The citation from A. and E. Enc., vol. 16, p. 190, that “the fact that the employer may at any time terminate the employment, though strong evidence that the employee is a mere servant, is not conclusive in that regard,” is not, in our opinion, applicable to the contract under consideration, because, under that contract, there is no absolute right to terminate the contract at any time, but to put an end to it, if the contractor is not performing it according to the stipulations, which is reasonable and necessary. The same author, on pages 188 and 189, states with accuracy the prevailing rule as to the right to exercise supervision. He says: “A reservation of the employer of the right by himself or his agent to supervise the work for the purpose merely of determining whether it is being done in conformity to the contract does not affect the independence of the relation. The fact that the work is to be supervised by an architect representing the owner is also immaterial if this involves merely his approval or disapproval of the results of the work, and not *131directions as to tbe mode of arriving at sucb results. And it bas been held tbat a provision tbat tbe work shall be done under tbe direction and to tbe satisfaction of a representative of tbe employer does not make tbe employee a mere servant, but tbat sueb a provision is merely to secure a satisfactory performance of tbe work in compliance witb tbe contract. Nor is it material tbat tbe contract provides tbat tbe employer shall, during tbe progress of tbe work, define and direct tbe scope thereof.”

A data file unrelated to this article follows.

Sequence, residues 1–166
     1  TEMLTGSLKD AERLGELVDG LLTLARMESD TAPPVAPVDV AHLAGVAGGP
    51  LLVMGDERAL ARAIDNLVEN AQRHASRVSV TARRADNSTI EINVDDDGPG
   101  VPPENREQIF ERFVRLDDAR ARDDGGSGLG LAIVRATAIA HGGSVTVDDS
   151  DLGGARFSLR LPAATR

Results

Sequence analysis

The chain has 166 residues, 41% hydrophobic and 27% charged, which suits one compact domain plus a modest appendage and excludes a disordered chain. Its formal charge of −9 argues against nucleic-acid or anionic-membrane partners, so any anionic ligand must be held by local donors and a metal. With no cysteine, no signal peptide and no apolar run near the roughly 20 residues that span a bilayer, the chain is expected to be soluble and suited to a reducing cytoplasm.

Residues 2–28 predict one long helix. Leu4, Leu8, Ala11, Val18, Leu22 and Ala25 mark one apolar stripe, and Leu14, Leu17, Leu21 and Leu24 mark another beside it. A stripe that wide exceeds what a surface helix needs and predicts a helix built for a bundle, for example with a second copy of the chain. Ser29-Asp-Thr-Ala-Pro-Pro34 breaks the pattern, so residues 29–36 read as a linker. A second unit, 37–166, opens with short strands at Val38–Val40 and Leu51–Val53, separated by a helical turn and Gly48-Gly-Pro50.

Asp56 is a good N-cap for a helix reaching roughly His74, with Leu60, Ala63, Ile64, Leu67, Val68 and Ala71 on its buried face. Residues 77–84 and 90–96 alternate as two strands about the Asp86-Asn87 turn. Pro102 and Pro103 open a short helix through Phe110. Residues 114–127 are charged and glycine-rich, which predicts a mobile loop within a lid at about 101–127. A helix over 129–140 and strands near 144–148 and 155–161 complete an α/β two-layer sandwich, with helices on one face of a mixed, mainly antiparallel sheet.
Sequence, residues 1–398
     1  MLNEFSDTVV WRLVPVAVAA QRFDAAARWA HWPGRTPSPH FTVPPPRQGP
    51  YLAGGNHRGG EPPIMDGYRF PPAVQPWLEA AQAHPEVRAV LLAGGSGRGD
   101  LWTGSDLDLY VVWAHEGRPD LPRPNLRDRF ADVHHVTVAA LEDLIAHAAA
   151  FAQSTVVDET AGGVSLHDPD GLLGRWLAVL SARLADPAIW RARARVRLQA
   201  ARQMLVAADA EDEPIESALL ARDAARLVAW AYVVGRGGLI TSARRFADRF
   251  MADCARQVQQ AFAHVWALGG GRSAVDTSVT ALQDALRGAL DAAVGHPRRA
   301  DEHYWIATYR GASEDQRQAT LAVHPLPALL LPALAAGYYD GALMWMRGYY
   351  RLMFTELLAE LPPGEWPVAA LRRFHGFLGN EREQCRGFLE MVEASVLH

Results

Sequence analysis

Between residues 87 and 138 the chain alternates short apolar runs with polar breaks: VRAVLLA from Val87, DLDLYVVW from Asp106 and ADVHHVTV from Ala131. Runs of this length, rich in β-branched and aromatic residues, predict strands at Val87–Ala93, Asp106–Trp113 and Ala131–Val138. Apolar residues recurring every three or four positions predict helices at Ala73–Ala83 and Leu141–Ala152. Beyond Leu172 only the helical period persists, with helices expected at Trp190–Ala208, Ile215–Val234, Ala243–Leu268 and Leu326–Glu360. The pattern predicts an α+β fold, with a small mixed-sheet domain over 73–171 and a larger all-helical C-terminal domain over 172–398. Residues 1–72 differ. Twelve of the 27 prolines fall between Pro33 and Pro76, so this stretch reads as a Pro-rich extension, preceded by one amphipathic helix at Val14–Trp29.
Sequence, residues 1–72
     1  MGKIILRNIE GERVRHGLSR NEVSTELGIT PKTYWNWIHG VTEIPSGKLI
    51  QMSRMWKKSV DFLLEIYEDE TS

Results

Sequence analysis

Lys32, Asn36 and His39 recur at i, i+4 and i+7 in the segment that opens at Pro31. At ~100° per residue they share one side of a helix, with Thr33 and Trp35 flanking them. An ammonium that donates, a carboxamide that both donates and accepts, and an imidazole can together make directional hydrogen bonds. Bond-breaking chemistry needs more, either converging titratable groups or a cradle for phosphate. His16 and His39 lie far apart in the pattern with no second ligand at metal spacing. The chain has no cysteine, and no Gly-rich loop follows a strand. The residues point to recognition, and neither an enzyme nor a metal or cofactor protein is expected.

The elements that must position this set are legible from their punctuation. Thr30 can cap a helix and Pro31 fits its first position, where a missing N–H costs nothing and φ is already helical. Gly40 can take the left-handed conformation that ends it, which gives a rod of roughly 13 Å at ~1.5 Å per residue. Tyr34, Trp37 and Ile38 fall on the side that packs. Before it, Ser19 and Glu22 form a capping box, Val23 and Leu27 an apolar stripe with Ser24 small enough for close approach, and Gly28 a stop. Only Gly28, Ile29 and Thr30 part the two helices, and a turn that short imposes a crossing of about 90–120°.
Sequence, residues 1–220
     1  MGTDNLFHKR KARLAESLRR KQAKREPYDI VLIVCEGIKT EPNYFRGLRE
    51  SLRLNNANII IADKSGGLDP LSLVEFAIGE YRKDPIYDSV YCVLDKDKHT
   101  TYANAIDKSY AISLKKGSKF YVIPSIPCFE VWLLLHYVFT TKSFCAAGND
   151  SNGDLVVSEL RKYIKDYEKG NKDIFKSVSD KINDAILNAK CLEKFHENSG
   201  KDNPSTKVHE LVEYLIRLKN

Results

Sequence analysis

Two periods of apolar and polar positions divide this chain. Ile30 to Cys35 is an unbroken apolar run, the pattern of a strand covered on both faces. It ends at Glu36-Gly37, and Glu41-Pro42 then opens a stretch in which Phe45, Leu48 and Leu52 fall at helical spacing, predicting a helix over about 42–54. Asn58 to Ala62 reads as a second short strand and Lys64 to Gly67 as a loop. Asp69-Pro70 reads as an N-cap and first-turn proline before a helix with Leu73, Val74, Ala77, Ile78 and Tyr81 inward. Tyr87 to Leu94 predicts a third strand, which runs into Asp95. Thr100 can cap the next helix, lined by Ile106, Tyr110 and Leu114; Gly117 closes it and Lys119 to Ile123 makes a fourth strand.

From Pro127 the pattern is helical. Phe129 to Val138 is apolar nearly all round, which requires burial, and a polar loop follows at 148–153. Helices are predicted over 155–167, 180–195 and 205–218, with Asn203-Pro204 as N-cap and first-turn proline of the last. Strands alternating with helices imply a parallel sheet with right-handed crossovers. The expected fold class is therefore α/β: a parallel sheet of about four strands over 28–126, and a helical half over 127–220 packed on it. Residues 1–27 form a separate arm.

His Honor, instead of deciding tbe question as matter of law, submitted it to tbe jury in a charge which is full, clear, and accurate, and which might be copied as a correct summary of.the law in determining when one is an independent contractor, and tbe jury having decided against tbe plaintiff, there is nothing, upon tbe appeal, of which be can complain. It is to be regretted tbat be has a barren recovery for a death caused by negligence, but this consideration will not justify fixing responsibility on a party who is not liable.

We find

No error.